Book Excerpt: 'The Taliban Revival' - Asia Society
June 26th, 2014 by Asia Society
In 2001, when NATO forces entered Afghanistan in their offensive against Al-Qaeda, they also aimed to eradicate the Taliban, Islamic fundamentalists who had lent help to Osama bin Laden. The Taliban were flushed out of Afghanistan's major cities and a new, interim government under Hamid Karzai was established. However, a new book by Dr. Hassan Abbas shows that the Taliban, rather than disappearing, instead persisted and regrouped to the point where they were once again a significant security threat.
In The Taliban Revival: Violence and Extremism on the Pakistan-Afghanistan Frontier (Yale University Press, 2014), Abbas chronicles how the Taliban managed to not only survive, but spread as an insurgent movement. Furthermore, he writes, understanding the causes of this seemingly mysterious "Talibanization" is essential for reversing its resurgence in Pakistan's Federally Administered Tribal Areas. Drawing on research and interviews in the area, The Taliban Revival presents a comprehensive account of the Taliban's fall and resurrection, beginning with Pakistan's volatile Pashtun frontier, weaving through the U.S. war in Afghanistan, and leading up to current U.S. counterterrorism efforts in Pakistan.
Hassan Abbas is Professor and Chair of the Department of Regional and Analytical Studies at National Defense University's College of International Security Affairs in Washington, D.C. He is also a Senior Advisor at the Asia Society and was an Asia Society Bernard Schwartz Fellow in 2010. Below is an excerpt from his book.
In theory, a negotiated settlement with the insurgents is a necessary prerequisite for an end to the ongoing conflict in Afghanistan. But the million-dollar question is: at what cost? Reconciliation with the Taliban is an issue that affects more than just Afghanistan. It has regional implications: the interests of all neighbouring countries need to be taken into account before any major political adjustments can be made. The reality is that the Obama administration was initially very reluctant to pursue a negotiated settlement with the Afghan Taliban, though President Karzai had already reached out to them for "reconciliation." After 2008, Pakistani intelligence also made a case to its U.S. pursuing talks with the Afghan Taliban, and it even offered to mediate. On the ground in Afghanistan, there was an important initiative from German diplomats to talk to the Taliban in 2010.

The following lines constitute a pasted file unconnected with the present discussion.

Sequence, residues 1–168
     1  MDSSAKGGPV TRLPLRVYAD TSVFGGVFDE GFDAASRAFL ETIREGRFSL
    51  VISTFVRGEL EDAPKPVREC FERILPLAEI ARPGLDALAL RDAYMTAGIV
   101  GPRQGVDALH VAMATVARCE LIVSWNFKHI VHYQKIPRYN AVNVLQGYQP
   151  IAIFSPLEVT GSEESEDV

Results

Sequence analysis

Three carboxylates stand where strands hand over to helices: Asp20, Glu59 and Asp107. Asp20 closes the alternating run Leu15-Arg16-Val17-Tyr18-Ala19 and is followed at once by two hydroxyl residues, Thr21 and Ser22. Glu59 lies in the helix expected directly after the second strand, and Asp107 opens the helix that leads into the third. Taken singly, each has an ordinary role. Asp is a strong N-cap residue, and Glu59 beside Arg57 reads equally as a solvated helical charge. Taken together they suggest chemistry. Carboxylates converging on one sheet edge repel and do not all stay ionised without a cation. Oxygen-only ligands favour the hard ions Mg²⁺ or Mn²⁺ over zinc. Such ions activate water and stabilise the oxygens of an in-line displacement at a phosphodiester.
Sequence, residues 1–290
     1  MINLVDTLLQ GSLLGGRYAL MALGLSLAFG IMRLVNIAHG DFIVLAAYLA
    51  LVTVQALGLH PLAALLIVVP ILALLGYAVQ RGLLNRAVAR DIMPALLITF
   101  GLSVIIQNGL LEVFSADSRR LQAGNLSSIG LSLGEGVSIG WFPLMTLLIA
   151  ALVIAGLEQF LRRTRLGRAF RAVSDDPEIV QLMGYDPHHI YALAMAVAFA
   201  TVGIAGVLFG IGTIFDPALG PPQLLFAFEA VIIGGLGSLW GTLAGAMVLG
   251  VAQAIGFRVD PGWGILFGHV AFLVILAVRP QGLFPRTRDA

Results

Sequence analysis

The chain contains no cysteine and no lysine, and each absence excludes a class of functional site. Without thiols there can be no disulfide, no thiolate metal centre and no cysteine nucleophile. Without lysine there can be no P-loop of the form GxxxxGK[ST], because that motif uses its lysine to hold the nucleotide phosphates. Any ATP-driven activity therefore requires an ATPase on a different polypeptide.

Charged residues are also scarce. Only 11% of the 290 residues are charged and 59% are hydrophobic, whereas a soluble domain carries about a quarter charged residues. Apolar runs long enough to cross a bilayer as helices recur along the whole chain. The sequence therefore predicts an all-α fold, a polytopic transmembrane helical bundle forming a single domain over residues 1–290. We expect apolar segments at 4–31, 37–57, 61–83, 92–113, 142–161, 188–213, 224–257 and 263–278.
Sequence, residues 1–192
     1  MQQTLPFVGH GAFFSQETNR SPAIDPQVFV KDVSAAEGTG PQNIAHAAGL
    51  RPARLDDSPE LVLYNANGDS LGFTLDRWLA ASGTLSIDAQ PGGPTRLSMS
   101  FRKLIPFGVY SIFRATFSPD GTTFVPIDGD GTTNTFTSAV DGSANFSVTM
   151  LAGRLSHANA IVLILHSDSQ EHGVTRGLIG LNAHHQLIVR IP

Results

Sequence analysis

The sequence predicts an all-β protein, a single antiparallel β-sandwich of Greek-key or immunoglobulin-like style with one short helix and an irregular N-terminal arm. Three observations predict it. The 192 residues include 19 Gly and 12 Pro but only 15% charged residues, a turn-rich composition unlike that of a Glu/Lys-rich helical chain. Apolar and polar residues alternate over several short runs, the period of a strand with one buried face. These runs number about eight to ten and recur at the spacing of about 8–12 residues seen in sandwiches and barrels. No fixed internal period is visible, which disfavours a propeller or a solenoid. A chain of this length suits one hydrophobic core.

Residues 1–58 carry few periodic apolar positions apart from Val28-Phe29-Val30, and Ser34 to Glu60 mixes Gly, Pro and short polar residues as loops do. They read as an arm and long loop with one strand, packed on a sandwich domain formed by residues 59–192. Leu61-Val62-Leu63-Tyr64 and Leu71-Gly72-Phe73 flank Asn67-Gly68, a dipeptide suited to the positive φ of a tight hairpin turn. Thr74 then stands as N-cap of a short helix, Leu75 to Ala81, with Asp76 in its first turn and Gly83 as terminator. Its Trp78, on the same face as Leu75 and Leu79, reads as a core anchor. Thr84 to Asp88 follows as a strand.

The problem is that the Afghan Taliban are no longer a hierarchical organization, with leaders who are easily identifiable. A range of localized insurgent groups with different agendas and grievances are operating in the field, as are criminal networks and organizations that are semi-independent Taliban affiliates, such as the Haqqani group, which uses Pakistan’s tribal areas as a base from which to conduct and coordinate its activities in Afghanistan. American defense officials believe that 10-15 percent of insurgent attacks inside Afghanistan are directly attributable to Haqqani group warriors. Pakistan is capable of bringing the Haqqani group to the table — and presumably others from the inner circle of Mullah Omar — but it is doubtful whether the Taliban sitting in Pakistan could negotiate on behalf of all Taliban insurgent leaders operating inside Afghanistan.
No major communication breakthrough with the Taliban leaders was in sight when former U.S. Secretary of State Hillary Clinton delivered a major policy speech at the Asia Society in New York in February 2011, in which she set out three conditions for the Taliban if they wanted to come to the negotiating table — sever relations with Al-Qaeda, renounce violence and accept the Afghan constitution. For the Taliban, this was a non-starter. But they had little inkling that Secretary of State Clinton was moving in this direction after having overcome stiff resistance from the other important power centers in Washington. For Pakistan, it was a welcome development, though Islamabad believed in a slightly different approach, suggesting to the U.S. that the three preconditions could be converted into the end goals of a negotiated deal. Washington agreed in principle, and Pakistan was given the go-ahead to play its part in making this happen.